After several years riding the various system and equipment options, talking to industry insiders and crunching the weight, price and drivetrain numbers, what’s the reality of joining the single-ring circus?
No longer restricted to mountain bikes, we consider the pros and cons of dropping a chainring to simplify your shifting. Read on to see if you should be joining the single-ring circus...
Single chainring transmissions dominate more expensive mountain bike specifications and are becoming increasingly common in the dirtier side of drop bar riding, such as cyclo-cross and gravel. But what are the pro and con realities of going single ring and will we ever see it send the double ring the way of the dodo on the majority of road bikes?
Keep it simple
We’re talking just one front chainring, with no front mech, no front shifter and no front gear cable. We’re not talking about singlespeed with just one cog at the back. Single-ring bikes use a conventional rear wheel and, depending on the cassette and shifter, you still get up to 11 gears at the back. That can give you a theoretical gear spread of as much as 511 per cent [the top gear being 511 per cent of the bottom one - divide 46 by nine, then times by 100] if you go for a radical cassette like the two-piece 9-46t from E13.
Getting rid of an extra cable, chainring and front mech is pleasing from aesthetic and marginal aerodynamic gain points of view, and getting rid of the extra hardware reduces weight, although the scales show that’s not as big a deal as you might think.
Single rings first became popular on mountain bikes as designers struggled to fit double chainrings, front shifters and chain lines around tyres up to 3in/70mm wide. Obviously tyres aren’t that wide, even on road plus bikes, but shorter chainstays can still make finding clearance around the chainstay/seat-tube area tricky.
Dominic Mason from Mason Progressive Cycles explains: “Single front chainring systems open up all sorts of possibilities from a design point of view. The wide-range rear cassette allows for a smaller front chainring, which means we can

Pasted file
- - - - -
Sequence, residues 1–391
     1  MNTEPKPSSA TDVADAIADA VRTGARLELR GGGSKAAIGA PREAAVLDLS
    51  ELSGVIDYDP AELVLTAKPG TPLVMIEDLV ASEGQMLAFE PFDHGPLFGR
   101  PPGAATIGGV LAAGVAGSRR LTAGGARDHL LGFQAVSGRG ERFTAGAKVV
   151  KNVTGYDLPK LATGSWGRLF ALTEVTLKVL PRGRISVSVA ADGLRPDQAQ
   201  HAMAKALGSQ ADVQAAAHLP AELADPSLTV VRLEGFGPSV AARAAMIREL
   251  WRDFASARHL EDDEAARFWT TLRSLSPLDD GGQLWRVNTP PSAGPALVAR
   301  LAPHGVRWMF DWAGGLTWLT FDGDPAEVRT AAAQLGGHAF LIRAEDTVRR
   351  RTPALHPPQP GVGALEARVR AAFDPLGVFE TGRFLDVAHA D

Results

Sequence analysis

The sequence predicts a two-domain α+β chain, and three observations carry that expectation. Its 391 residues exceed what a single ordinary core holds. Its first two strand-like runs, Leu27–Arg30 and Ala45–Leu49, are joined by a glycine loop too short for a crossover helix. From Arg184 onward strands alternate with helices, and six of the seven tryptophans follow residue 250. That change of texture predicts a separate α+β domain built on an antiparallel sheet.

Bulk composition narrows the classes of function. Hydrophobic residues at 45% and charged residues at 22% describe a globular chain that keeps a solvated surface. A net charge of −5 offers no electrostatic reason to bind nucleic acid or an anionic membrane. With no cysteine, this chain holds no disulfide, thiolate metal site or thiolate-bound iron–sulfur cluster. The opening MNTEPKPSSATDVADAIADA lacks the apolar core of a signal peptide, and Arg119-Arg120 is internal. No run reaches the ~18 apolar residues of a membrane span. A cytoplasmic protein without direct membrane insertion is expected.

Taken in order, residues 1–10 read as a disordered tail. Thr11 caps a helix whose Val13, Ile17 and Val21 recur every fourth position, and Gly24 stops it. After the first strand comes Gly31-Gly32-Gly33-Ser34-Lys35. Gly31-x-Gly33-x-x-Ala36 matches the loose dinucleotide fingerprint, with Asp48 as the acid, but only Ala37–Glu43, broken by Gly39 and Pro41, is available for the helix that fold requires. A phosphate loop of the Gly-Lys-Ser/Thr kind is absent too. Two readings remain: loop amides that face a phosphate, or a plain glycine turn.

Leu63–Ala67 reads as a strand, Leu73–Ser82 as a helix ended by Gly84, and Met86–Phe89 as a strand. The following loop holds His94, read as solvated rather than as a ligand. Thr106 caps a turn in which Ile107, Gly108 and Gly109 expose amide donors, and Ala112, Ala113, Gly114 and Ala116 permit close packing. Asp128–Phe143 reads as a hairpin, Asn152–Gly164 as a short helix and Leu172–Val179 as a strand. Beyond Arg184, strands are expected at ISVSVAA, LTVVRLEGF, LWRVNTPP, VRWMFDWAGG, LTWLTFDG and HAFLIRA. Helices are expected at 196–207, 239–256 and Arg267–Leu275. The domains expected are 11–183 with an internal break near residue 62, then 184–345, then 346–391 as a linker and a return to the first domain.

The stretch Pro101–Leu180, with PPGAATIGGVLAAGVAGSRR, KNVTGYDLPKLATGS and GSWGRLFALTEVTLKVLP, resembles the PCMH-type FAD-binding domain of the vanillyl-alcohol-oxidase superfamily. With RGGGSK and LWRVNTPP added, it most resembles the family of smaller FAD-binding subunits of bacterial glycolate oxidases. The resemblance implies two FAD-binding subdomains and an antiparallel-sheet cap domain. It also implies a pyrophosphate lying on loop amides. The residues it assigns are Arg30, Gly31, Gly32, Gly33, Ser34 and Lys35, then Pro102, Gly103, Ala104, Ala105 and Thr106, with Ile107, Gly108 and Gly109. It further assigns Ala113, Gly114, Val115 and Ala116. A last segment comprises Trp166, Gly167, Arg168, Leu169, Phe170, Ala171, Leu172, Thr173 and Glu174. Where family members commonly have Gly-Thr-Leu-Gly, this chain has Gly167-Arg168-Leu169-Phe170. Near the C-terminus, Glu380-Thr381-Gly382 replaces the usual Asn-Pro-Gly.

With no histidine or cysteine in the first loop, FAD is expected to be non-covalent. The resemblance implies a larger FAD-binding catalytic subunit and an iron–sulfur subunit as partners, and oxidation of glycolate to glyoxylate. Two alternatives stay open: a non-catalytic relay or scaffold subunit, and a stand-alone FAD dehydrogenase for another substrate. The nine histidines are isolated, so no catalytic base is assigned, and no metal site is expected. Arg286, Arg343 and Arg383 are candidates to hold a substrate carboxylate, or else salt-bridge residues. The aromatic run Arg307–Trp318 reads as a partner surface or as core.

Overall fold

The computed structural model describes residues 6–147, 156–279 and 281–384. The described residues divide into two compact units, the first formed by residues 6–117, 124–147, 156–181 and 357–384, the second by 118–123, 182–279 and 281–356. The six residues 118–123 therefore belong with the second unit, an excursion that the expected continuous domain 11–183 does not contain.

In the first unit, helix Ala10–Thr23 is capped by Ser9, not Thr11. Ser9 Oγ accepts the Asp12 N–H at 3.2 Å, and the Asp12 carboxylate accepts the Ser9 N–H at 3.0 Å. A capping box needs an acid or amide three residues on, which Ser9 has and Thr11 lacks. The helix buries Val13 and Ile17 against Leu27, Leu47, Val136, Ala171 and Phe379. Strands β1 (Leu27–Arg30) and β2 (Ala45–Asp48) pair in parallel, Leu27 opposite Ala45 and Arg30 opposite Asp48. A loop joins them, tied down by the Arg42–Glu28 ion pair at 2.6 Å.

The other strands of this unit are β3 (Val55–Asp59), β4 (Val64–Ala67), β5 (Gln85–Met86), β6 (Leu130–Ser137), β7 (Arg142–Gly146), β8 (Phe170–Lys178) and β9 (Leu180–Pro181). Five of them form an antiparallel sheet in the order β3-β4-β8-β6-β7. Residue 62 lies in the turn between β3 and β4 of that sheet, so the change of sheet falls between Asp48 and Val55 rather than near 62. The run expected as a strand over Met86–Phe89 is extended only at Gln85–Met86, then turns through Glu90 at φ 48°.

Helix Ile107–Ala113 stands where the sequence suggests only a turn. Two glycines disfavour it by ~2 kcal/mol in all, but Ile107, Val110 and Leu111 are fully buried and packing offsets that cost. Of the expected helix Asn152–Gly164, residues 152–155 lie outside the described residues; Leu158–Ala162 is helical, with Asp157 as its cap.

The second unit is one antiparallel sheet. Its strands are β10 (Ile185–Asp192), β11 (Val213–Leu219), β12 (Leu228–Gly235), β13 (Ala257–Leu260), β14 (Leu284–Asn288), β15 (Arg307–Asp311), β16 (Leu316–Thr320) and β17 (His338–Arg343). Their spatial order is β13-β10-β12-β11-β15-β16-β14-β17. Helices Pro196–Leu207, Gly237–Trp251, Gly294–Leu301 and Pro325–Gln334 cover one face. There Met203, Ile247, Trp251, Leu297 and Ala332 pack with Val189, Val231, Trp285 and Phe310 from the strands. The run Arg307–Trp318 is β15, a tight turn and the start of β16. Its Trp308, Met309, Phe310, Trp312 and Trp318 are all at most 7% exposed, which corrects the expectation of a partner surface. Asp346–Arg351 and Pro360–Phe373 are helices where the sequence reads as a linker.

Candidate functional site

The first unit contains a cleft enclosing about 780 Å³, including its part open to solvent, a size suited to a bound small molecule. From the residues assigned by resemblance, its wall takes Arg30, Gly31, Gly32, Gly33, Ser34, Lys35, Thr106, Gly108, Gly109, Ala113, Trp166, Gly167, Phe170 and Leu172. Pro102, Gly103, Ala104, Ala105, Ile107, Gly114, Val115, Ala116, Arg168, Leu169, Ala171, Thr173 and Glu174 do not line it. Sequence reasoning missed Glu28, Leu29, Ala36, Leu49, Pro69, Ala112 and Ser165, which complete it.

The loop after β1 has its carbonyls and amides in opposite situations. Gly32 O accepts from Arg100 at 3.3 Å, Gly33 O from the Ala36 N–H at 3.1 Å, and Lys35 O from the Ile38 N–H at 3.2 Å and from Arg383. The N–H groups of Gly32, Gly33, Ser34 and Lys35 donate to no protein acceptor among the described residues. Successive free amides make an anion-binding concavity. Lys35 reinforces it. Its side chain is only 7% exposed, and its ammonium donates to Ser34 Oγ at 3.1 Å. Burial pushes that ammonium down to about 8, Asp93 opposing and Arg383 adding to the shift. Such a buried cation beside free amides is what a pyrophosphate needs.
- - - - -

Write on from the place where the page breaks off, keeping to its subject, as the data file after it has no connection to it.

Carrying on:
increase clearance around the tyre where the chainstays meet the bottom bracket shell. This area has always been super-difficult ‘packaging’ wise when designing a frame.”
So far only 3T has really exploited the single ring ‘packaging’ advantage on its radical single-ring-only Strada, fat-tyre aero machine, which gained a load of attention at the Eurobike trade show, and has just been confirmed as the official race bike for Irish Professional Continental Aqua Blue Sport team for next season. This will be high-profile proof – or not – of whether single ring can spin to win at the highest level.
Just simplifying the frame moulding and removing cable guides and front mech mounts on the new Whyte Wessex One has saved nearly 100g over the standard frame. In both cases it also creates a better aerodynamic match to that other future must-have – a wider, smoother rolling rear tyre – as well as a really neat and clean-looking chainset area. Most other complete bikes supplied with a single ring still have space for a double and front mech.
Going single ring removes the brain strain and trial and error from shifting. No more trying to work out which gear ratio comes next in the sequence and whether that involves shoving the chain across onto a different chainring as well as a rear cassette shift. Instead, shifting is just a sequential up or down no brainer with the size of jump dictated by the ratios of the cassette you’ve chosen. All the changes can be done with a single right-hand shifter, making it simpler for new riders to navigate.
Even though front changers are now better and faster than ever, having to shift ring and rear sprocket to hit the next gear in the sequence will always be considerably slower than a single rear shift. Using a single chainring also gets rid of the problem of almost identical, redundant ratios achieved through different chainring and cog combinations.
There’s none of the wear-multiplying extreme chain line or incorrectly set up chain grind of a front mech arrangement either. Done right, single chainring setups don’t drop chains in rougher off-piste/cyclo-cross situations like double/triple ones can. Clutch rear mechs also stop the chain slapping against the frame, knocking off paint and creating a right racket if
Going single ring removes the brain strain and trial and error from shifting
the bike is bouncing around. Mountain bike use has proved that increased contact area on chainring teeth and chain rollers reduces overall wear and tear compared to a double ring setup.
The result is a transmission that’s physically quiet on the bike and means a quieter experience for the rider. From a bike design perspective, it’s faster for bike manufacturers to fit, means less parts to order and gives more freedom for future frame shapes, and it’s particularly well suited to the latest generation of fatter tyre gravel and adventure road machines. But do you get enough of a gear range to make it usable for regular road riding?
The gear thing
In theory, a single chainring setup has half the number of gears of a double. However, essentially duplicate gears in different chainring and cassette combinations can reduce the number of noticeably separated gears dramatically.